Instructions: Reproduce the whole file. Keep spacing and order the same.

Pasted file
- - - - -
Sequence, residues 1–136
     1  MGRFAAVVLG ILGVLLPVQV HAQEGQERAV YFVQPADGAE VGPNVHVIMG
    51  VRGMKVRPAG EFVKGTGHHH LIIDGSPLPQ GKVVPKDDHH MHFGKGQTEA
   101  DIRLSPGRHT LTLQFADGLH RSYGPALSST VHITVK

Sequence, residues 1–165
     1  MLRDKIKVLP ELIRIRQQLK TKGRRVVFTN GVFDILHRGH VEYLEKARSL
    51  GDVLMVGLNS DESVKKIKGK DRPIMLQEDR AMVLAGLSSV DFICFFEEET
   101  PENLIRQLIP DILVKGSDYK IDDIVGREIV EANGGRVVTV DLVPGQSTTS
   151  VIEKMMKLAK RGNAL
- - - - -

Sequence, residues 1–136
     1  MGRFAAVVLG ILGVLLPVQV HAQEGQERAV YFVQPADGAE VGPNVHVIMG
    51  VRGMKVRPAG EFVKGTGHHH LIIDGSPLPQ GKVVPKDDHH MHFGKGQTEA
   101  DIRLSPGRHT LTLQFADGLH RSYGPALSST VHITVK

Sequence, residues 1–165
     1  MLRDKIKVLP ELIRIRQQLK TKGRRVVFTN GVFDILHRGH VEYLEKARSL
    51  GDVLMVGLNS DESVKKIKGK DRPIMLQEDR AMVLAGLSSV DFICFFEEET
   101  PENLIRQLIP DILVKGSDYK IDDIVGREIV EANGGRVVTV DLVPGQSTTS
   151  VIEKMMKLAK RGNAL